I am a blend of both panster and plotter. Usually before starting a new piece, I spend a lot of time in my head, envisioning the beginning and end of the story. For longer pieces, I write character bibles and what I call a lifeline with important plot points. Once I start writing, the characters reveal the middle to me, sometimes scene by scene. Other times, huge chucks of the character’s motivation emerge and it takes many pages for me and the writing to catch up.

What suggestions do you have to help new authors become better writers?

When I started writing creatively, I had no idea there were so many elements to writing craft. Put in the time to study craft—characterization, plotting, show don’t tell, creating a sense of time and place. Once you start to understand craft, grab a few books in your genre and read them like a writer, dissecting how the author uses craft to create emotion and drama. Also, the support of other writers has been so valuable to me. Find critique partners, join a writing group, and open yourself up to feedback. Perhaps the most important lesson is learning that writing is just the beginning, rewriting and editing is where the story becomes what it is meant to be.

Tell us who are your favorite authors and what are you reading now?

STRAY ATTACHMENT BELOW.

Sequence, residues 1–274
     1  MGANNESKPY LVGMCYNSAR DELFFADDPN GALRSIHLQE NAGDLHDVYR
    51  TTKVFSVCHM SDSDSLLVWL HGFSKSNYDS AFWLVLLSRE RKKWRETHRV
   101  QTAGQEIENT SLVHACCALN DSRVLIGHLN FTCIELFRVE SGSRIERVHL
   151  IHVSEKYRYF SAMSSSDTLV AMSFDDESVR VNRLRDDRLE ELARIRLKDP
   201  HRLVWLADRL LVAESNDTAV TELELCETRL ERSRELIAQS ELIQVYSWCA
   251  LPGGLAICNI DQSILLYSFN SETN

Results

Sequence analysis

Adriana Trigiani is one of my favorite authors and I’m currently reading, The Shoemaker’s Wife, the final book in her Valentine series. She has a talent for creating strong, believable characters and a wonderful sense of place. Her love for the locations she writes about comes through in her books, bringing her settings to life, like another character.

I’m also a huge fan of Sue Monk Kidd, Alice Sebold, Sue Miller, Marisa De Los Santos, Michele Richmond, Lisa Genova (Still Alice is a remarkable book), and Matthew Quick. My diverse list of all-time favorite books includes, The Hunger Games, To Kill a Mockingbird, A Separate Peace, The Dive from Clausen’s Pier, Still Alice, and Ellen Foster and too many more to list.

Readers can learn more about Ms. Brill at Goodreads (http://www.goodreads.com/author/show/6924892.Carol_Fragale_Brill) as well as her author page at Amazon.

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One thought on “A Conversation with Carol Fragale Brill

  1. Carol Brill says:

    Christy and Christina, thanks again for hosting me. I appreciate the opportunity to share with your followers.
    best,
    carol